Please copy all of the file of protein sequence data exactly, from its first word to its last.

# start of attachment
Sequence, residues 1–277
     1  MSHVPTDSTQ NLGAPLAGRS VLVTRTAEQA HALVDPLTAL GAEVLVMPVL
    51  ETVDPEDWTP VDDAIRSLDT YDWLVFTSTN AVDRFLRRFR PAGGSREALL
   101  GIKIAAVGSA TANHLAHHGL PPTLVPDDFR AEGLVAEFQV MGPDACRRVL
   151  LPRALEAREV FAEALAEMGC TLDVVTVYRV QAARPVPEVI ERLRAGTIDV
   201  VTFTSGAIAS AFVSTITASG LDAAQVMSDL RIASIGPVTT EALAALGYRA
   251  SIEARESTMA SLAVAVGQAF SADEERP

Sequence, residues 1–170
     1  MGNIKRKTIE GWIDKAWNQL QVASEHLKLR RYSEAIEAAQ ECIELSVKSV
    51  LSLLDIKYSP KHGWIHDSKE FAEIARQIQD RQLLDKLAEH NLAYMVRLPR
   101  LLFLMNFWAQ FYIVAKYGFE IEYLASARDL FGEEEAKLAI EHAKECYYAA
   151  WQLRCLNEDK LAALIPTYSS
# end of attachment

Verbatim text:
Sequence, residues 1–277
     1  MSHVPTDSTQ NLGAPLAGRS VLVTRTAEQA HALVDPLTAL GAEVLVMPVL
    51  ETVDPEDWTP VDDAIRSLDT YDWLVFTSTN AVDRFLRRFR PAGGSREALL
   101  GIKIAAVGSA TANHLAHHGL PPTLVPDDFR AEGLVAEFQV MGPDACRRVL
   151  LPRALEAREV FAEALAEMGC TLDVVTVYRV QAARPVPEVI ERLRAGTIDV
   201  VTFTSGAIAS AFVSTITASG LDAAQVMSDL RIASIGPVTT EALAALGYRA
   251  SIEARESTMA SLAVAVGQAF SADEERP

Sequence, residues 1–170
     1  MGNIKRKTIE GWIDKAWNQL QVASEHLKLR RYSEAIEAAQ ECIELSVKSV
    51  LSLLDIKYSP KHGWIHDSKE FAEIARQIQD RQLLDKLAEH NLAYMVRLPR
   101  LLFLMNFWAQ FYIVAKYGFE IEYLASARDL FGEEEAKLAI EHAKECYYAA
   151  WQLRCLNEDK LAALIPTYSS